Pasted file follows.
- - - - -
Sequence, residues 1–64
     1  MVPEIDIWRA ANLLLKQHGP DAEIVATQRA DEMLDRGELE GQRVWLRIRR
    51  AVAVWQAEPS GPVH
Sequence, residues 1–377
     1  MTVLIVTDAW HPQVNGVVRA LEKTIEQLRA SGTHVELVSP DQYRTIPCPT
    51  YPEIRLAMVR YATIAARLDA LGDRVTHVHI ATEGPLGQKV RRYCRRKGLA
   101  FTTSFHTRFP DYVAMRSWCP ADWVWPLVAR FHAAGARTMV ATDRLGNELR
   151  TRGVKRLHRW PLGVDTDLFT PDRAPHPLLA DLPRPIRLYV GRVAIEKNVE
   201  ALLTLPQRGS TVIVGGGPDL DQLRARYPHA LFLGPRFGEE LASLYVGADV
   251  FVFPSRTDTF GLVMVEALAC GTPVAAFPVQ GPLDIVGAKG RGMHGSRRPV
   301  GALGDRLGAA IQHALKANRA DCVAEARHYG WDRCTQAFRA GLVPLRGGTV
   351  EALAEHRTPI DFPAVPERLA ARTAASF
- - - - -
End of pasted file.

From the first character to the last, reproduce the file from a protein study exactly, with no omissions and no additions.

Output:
Sequence, residues 1–64
     1  MVPEIDIWRA ANLLLKQHGP DAEIVATQRA DEMLDRGELE GQRVWLRIRR
    51  AVAVWQAEPS GPVH
Sequence, residues 1–377
     1  MTVLIVTDAW HPQVNGVVRA LEKTIEQLRA SGTHVELVSP DQYRTIPCPT
    51  YPEIRLAMVR YATIAARLDA LGDRVTHVHI ATEGPLGQKV RRYCRRKGLA
   101  FTTSFHTRFP DYVAMRSWCP ADWVWPLVAR FHAAGARTMV ATDRLGNELR
   151  TRGVKRLHRW PLGVDTDLFT PDRAPHPLLA DLPRPIRLYV GRVAIEKNVE
   201  ALLTLPQRGS TVIVGGGPDL DQLRARYPHA LFLGPRFGEE LASLYVGADV
   251  FVFPSRTDTF GLVMVEALAC GTPVAAFPVQ GPLDIVGAKG RGMHGSRRPV
   301  GALGDRLGAA IQHALKANRA DCVAEARHYG WDRCTQAFRA GLVPLRGGTV
   351  EALAEHRTPI DFPAVPERLA ARTAASF